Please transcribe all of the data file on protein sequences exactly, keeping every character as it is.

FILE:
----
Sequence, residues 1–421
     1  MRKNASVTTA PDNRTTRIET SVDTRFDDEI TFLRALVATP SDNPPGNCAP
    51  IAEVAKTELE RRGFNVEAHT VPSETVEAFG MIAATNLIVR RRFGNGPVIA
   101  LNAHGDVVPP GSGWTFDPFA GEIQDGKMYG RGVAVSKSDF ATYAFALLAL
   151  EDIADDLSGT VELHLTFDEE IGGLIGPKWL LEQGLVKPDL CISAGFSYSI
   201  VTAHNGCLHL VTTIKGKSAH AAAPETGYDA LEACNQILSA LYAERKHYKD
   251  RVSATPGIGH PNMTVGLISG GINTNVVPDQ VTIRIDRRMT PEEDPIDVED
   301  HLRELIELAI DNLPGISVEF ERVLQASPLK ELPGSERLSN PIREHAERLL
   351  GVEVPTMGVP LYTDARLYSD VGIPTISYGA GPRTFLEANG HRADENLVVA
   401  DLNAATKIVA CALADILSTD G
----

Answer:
Sequence, residues 1–421
     1  MRKNASVTTA PDNRTTRIET SVDTRFDDEI TFLRALVATP SDNPPGNCAP
    51  IAEVAKTELE RRGFNVEAHT VPSETVEAFG MIAATNLIVR RRFGNGPVIA
   101  LNAHGDVVPP GSGWTFDPFA GEIQDGKMYG RGVAVSKSDF ATYAFALLAL
   151  EDIADDLSGT VELHLTFDEE IGGLIGPKWL LEQGLVKPDL CISAGFSYSI
   201  VTAHNGCLHL VTTIKGKSAH AAAPETGYDA LEACNQILSA LYAERKHYKD
   251  RVSATPGIGH PNMTVGLISG GINTNVVPDQ VTIRIDRRMT PEEDPIDVED
   301  HLRELIELAI DNLPGISVEF ERVLQASPLK ELPGSERLSN PIREHAERLL
   351  GVEVPTMGVP LYTDARLYSD VGIPTISYGA GPRTFLEANG HRADENLVVA
   401  DLNAATKIVA CALADILSTD G